|Publication number||US4644243 A|
|Application number||US 06/774,125|
|Publication date||Feb 17, 1987|
|Filing date||Sep 9, 1985|
|Priority date||Sep 9, 1985|
|Publication number||06774125, 774125, US 4644243 A, US 4644243A, US-A-4644243, US4644243 A, US4644243A|
|Inventors||Edward J. Bialek|
|Original Assignee||Westinghouse Electric Corp.|
|Export Citation||BiBTeX, EndNote, RefMan|
|Patent Citations (2), Non-Patent Citations (2), Classifications (8), Legal Events (6)|
|External Links: USPTO, USPTO Assignment, Espacenet|
The present invention relates to computerized static converter control in general, and more particularly to inverter control in an adjustable frequency AC motor drive.
It is known to implement digital control of the thyristors of an AC motor drive with the aid of a computer. See for instance U.S. Pat. No. 4,427,933. As disclosed in the patent, for inverter gating a down-counter is preset at a computed time interval count and is allowed to count from such count down to zero, at which time firing is instantly triggered.
The purpose of the present invention is to eliminate a time lag, existing with the prior art approach, which prevents an immediate adjustment of the anticipated firing instant in order to match the new reference as the frequency reference changes. The invention is applicable to a simplified circuit, that is, it operates in the context of a system which must remain simple while overcoming the problem caused by the time lag.
The present invention resides in, at any instant during sequential firing of the static switches of a converter, comparing the magnitude of the new frequency reference with the magnitude of the frequency reference just passed so as to detect an error, and in extending, or shortening, the running count remaining before actual firing by an amount in accordance with the amplitude and sign of the error, thereby to achieve correct firing control in stride with the sequential firing process.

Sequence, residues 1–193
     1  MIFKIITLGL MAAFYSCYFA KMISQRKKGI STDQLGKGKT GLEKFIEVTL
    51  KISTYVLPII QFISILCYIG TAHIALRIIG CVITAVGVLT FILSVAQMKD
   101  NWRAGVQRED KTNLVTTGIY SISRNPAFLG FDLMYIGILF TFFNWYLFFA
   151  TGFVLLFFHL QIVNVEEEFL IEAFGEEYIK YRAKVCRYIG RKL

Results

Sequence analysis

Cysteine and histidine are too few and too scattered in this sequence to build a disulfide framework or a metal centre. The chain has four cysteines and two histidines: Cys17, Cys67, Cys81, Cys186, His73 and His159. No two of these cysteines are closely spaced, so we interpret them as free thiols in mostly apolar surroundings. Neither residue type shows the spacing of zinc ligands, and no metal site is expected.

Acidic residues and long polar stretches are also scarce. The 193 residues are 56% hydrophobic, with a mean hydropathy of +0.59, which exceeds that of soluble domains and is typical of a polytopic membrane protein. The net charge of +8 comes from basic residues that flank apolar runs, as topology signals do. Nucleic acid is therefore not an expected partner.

FIG. 1 shows a static controlled AC motor drive to which the invention is applicable;
FIGS. 2A, 2B and 3A, 3B show the successive time intervals of conduction of thyristors like in FIG. 1 and the resulting interphase voltage;
FIG. 4A shows side-by-side the states of the gate signals for a method according to the prior art and for a method according to the invention for an increase of the frequency whereas;
FIG. 4B is similar to FIG. 4A but for a decrease of the frequency;
FIG. 5 is a block diagram of a microprocessor-based system for analog implementation of a firing sequence according to the prior art;
FIG. 6 is a digital implementation of the prior art approach of FIG. 5; and
FIG. 7 illustrates in block diagram digital treatment of the firing control system according to the invention.
Referring to FIG. 1, an inverter is shown to include six thyristors (T1-T6), mounted in a bridge between DC input terminals (TN, TP), and AC output terminals (A, B, C) as generally known. The AC output is shown connected to an induction motor MT running at a speed determined by the frequency of sequential firing of the thyristors and the slip of the motor.
Assuming the duration of conduction for thyristors T1-T6 is 120° electrical angle, and the thyristors are fired in numerical order at 60° from one another, FIG. 2A shows the successive time intervals of conduction of the thyristors and the resulting interphase voltage, VAB for phases A and B, illustratively is shown by FIG. 2B.
FIGS. 3A and 3B are like FIGS. 2A and 2B, respectively, in the case where the thyristors are being controlled alternatively by pairs for each of three poles (T1,T4); (T6,T3); and (T5,T2), each pole being at 120 degrees, from one another. The thyristors are still coming ON in numerical order and at 60 degrees from one another, but the duration of conduction is here 180 degrees. The time intervals characterizing the thyristors are shown by FIG. 3A. The resulting interphase voltage is illustrated by VAB between lines A and B, illustratively. The invention pertains to anticipating the instant of firing for the thyristor which is "next", while taking into account a rapid change of frequency requiring earlier, or later, firing of such "next" thyristor.
How to control the thyristors of an inverter in order to generate an AC output voltage of required frequency for an AC motor, is well known. How to implement firing in accordance with FIGS. 2A, 2B, or FIGS. 3A, 3B, is also well known. As an illustration in the context of a firing sequence like under FIGS. 3A, 3B, reference is made to the article entitled "Microprocessor-Based Control of an AC Motor Drive" by C. W. Edwards in IEEE-IAS Conference Records October 1982, pages 1-5. For the purpose of disclosing prior art control of an AC motor drive to which the present invention is applicable, the aforementioned article by C. W. Edwards is hereby incorporated by reference.